IT HAS been 12 years to the day when on that fateful Tuesday morning events unfolded that would forever change the fabric of the United States and its people.
The day began much like any other. Americans were already hard at work or on their way to it. Business was being conducted. Lives were being lived, most blissfully unaware of the troubles of the world around them.
That all changed at 8:46 a.m. EST when American Airlines Flight 11 crashed into the World Trade Center's North Tower.
People watched in horror as smoke and flames poured from the gaping hole made by Flight 11. Any thoughts that the crash was merely an accident were quickly dashed less than 20 minutes later when United Airlines Flight 175 crashed into the South Tower.
Something was most definitely wrong, and unlike the events of Dec. 7, 1941 in Hawaii, these atrocities were playing out live on television for the nation, and the world, to see.
At 9:37 p.m., American Airlines Flight 77 crashed into the Pentagon. Finally, United Airlines Flight 93, later determined to be bound for another target in Washington, D.C., crashed into a field near Shanksville, Pa. the bravery of the passengers aboard Flight 93 credited for foiling the plans of the hijackers aboard. They gave their lives to save the lives of countless others.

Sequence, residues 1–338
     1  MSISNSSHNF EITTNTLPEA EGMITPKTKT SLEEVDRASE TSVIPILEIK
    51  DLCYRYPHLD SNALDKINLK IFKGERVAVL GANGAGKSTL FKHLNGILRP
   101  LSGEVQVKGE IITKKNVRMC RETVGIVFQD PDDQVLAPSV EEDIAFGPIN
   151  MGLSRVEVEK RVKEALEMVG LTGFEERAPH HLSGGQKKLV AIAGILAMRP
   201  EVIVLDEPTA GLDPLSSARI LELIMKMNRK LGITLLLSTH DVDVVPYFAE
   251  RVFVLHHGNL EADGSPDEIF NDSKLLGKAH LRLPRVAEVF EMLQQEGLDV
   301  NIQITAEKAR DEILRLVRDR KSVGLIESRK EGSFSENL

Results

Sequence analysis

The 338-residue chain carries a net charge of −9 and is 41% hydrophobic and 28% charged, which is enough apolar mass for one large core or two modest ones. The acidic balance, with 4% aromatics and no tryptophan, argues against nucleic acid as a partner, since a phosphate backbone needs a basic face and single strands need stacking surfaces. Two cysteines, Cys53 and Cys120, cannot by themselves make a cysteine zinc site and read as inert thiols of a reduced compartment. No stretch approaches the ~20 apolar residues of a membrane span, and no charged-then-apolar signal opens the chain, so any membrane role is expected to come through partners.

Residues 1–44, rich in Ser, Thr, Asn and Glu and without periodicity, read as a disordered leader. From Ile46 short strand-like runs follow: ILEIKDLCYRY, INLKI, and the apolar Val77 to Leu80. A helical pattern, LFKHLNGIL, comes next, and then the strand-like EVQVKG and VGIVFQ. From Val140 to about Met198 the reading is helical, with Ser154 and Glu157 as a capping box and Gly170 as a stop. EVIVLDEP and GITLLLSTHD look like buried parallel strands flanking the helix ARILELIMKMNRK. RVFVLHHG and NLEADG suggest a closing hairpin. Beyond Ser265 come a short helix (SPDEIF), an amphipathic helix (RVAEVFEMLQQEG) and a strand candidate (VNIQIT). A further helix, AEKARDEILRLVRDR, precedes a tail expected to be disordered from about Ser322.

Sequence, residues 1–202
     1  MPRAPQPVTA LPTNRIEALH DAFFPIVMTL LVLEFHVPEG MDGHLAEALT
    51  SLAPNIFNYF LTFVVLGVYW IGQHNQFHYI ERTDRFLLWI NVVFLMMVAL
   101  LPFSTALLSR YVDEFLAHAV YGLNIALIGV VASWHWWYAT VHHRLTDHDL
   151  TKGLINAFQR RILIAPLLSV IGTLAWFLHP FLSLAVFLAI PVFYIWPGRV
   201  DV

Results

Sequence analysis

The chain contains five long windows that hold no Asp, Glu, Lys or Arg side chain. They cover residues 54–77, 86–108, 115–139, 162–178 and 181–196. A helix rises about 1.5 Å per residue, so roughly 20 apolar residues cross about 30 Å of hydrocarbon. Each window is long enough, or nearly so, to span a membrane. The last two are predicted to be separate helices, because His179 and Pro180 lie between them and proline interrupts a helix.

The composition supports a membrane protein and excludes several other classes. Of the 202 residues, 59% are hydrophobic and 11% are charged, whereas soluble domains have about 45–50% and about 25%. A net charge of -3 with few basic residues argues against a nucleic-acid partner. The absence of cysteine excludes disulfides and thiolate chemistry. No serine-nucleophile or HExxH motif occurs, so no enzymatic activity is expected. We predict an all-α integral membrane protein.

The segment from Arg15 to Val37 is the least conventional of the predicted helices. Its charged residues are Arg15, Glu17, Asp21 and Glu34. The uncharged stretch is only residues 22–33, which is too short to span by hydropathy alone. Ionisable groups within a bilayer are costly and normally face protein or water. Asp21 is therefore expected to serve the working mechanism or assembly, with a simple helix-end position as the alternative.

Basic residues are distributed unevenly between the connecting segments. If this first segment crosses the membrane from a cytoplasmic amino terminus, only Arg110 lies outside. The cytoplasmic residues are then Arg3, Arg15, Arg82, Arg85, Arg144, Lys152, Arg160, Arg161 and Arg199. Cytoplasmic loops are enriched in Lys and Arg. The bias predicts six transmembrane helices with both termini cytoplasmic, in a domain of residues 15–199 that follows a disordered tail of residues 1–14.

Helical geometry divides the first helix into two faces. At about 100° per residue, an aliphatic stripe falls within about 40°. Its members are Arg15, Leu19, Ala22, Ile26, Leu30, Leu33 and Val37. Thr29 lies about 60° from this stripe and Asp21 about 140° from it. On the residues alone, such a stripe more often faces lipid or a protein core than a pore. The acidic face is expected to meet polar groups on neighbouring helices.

Nearly 3,000 people died in the WTC attacks, more than 1,600 of which have still yet to be identified.
All 246 people on the four planes died, along with 125 at the site of the Pentagon crash.
It's been 12 years and yet you'll be hard pressed to find a single person who can't recall what they were doing that day, how they felt and how it changed their life moving forward.
Today is Patriot Day and National Day of Service of Remembrance.
In New York, victims' families will gather at Ground Zero to commemorate and remember the attacks as the names of the victims will be read at the 2-year-old memorial plaza.
Wreath laying, name reading and other tributes will take place at the Pentagon, while memorial activities will also commence at the National Memorial in Shanksville.
The events are two-years removed from the first milestone anniversary of the attacks, the 10-year mark, back in 2011.
Locally, Sept. 11 is being marked by a few events.
A new memorial flag is flying at half mast today at Heritage Port in Wheeling. It was designed by Cleveland-native Sam Tomaselli, a retired police investigator.
In addition, today serves as the kickoff to The United Way's fundraising campaign with the Day of Caring as countless volunteers will descend on WesBanco Arena to learn how they can help out their neighbors and their community.
From clerical work to cleaning and painting, volunteers will assist non-profit agencies today to perform functions they otherwise would not have the finances to see completed.
Also commemorating the day is the Red, White and YOU blood drive that begins at noon and runs until 6 p.m. at the Vance Memorial Presbyterian Church in Wheeling.
Hughes may be reached at mhughes@timesleader online.com